An effort to grant parenting rights to some sperm donors is likely done for the year, after proponents – including "Lost Boys" actor Jason Patric – failed to persuade an Assembly committee to move ahead with the bill.
The Assembly Judiciary Committee voted Tuesday to hold Senate Bill 115, asking the dueling sides to try to work out a compromise after the legislative session ends next month and bring the bill back next year.
But the bill's author, Sen. Jerry Hill, D-San Mateo, vowed to continue his fight to allow sperm donors, in specific situations, to petition the courts to become parents. He said he'll keep trying to move his bill during the final weeks of the legislative session despite the committee's unfavorable vote.
"If we can come up with an agreement that will work, we are certainly going to try to bring it forward," Hill said. "In this building there is never a deadline. Everything can happen if you have an agreement."
Hill introduced the bill in March after a court denied Patric custody of 3-year-old Gus in his dispute with ex-girlfriend Danielle Schreiber. The court ruled that California law treats Patric as a sperm donor, not a parent, because he and Schreiber never married and she conceived with in vitro fertilization.
The bill sailed through the Senate but met substantial opposition in the Assembly once Schreiber and Patric hired a slew of Sacramento lobbyists to make their respective cases. Gay-rights groups split over the proposal, and women's groups said it would diminish the ability of women to form families without men. Patric and Schreiber took the debate to TV talk shows.
While the bill was inspired by their tumultuous Hollywood romance, it would affect other California families that rely on sperm donors to create children.
The fight over SB 115 reflects the modern state of child-rearing, where many heterosexual couples never marry, some lesbian couples conceive with sperm donated by a male friend, and relationships – gay and straight – frequently dissolve after children are born.
Debate in the Assembly hearing was intense. Proponents said SB 115 would close a legal loophole that forbids certain sperm donors from being recognized as fathers when an unmarried woman is impregnated with their sperm.
The other side said the proposal was an attempt by Patric to overturn the court ruling that he lost. While advocates for children and adoptive parents argued over how the bill would affect the public, the dramatic relationship that inspired the bill was evident inside the Capitol.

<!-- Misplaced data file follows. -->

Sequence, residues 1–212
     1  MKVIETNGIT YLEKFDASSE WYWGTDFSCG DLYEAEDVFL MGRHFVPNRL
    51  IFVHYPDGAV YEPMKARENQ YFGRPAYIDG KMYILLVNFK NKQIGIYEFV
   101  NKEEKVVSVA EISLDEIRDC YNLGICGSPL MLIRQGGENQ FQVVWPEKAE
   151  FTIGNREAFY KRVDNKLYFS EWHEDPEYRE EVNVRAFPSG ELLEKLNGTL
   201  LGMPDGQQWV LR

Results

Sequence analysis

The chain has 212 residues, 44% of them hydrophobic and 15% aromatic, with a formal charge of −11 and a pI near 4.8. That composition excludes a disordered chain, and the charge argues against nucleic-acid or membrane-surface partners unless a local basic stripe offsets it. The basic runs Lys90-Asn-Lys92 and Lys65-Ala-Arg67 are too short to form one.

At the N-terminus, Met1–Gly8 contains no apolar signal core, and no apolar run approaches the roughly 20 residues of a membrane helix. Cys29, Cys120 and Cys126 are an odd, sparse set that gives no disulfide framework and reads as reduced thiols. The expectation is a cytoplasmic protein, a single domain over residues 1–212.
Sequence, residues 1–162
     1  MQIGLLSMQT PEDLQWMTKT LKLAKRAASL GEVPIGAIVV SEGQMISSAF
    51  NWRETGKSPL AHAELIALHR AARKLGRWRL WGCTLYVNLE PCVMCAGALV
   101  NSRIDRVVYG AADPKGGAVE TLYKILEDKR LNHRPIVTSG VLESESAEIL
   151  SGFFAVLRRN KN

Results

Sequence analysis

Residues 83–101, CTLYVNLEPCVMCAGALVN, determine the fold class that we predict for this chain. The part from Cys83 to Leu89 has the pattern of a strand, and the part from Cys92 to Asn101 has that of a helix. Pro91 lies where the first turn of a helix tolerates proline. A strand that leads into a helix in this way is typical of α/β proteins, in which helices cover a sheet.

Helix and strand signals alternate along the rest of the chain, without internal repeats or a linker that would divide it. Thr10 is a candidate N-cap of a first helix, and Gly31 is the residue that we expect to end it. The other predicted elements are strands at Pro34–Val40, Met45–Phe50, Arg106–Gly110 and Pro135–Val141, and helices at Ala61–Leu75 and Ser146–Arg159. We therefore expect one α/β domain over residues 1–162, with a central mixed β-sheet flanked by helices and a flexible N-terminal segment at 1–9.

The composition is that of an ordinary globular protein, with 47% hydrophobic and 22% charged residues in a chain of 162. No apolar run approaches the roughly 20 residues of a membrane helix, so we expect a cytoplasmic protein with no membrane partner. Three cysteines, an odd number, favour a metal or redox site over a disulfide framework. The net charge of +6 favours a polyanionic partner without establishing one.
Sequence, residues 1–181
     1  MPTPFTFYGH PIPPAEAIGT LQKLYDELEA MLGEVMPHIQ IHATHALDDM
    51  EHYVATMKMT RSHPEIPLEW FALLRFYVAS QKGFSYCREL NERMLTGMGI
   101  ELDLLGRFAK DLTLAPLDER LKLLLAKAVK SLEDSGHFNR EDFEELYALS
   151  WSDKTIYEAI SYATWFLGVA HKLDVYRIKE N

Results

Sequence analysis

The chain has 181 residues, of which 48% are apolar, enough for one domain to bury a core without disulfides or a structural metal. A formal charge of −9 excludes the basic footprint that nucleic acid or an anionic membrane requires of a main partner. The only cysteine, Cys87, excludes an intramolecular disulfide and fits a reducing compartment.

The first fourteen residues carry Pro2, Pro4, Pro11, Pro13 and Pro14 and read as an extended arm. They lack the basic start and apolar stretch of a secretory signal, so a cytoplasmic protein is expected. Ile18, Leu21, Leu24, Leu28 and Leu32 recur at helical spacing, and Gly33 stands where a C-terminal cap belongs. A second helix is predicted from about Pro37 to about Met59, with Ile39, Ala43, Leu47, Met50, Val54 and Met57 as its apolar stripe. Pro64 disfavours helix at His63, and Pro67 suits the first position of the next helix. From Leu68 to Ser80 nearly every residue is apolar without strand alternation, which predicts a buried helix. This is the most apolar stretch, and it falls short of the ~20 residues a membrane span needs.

Patric appeared to be rehearsing his lines as he sat in the audience waiting to testify. Schreiber did not testify but sat in a stairwell outside the hearing room.
"I have become a voice of an issue that I never wanted to be a voice for," Patric said to the committee.
"But I'm also here mainly because I have to be Gus' voice. My son. A voice I have not heard in 25 weeks. A voice that is not allowed to mention my name in his mother's home. A voice that has sent me here to speak to you all."
Schreiber's lobbyist, Jennifer Capitolo, told the committee that her client would not testify because she had won her custody battle in court and didn't want to rehash it before the Legislature.
"Danielle just this morning was walking here to the Capitol, and as she was walking down J Street, Jason ran at her full speed ... yelling at her, saying things I'm not going to repeat right now," Capitolo said. "She had to retreat into the Hyatt hotel and call security."
An expression of disbelief crossed Patric's face and he said to the lawyer sitting with him, "Are we supposed to just sit here and listen to this?"
Committee members appeared frustrated by what many described as a he-said-she-said situation. While some voiced support for Patric, they said they weren't prepared to vote in favor of the bill.
"I don't want to see this sent to an interim hearing to die," said Assemblyman Al Muratsuchi, D-Torrance. "I would like to see work being done to address the merits of this bill."
Assemblyman Roger Dickinson, D-Sacramento, said the issue was a matter for the courts.
"What we have is a trial court decision," he said. "It is premature, from my point of view, to have the Legislature take action on this issue."
Hill pressed the committee not to put the bill off to next year.
"When the time is short, you get it done. When you wait for a year, you don't get it done," he said. "By putting this in the interim, it kills the bill."
Call Laurel Rosenhall, Bee Capitol Bureau, (916) 321-1083. Follow her on Twitter @laurelrosenhall.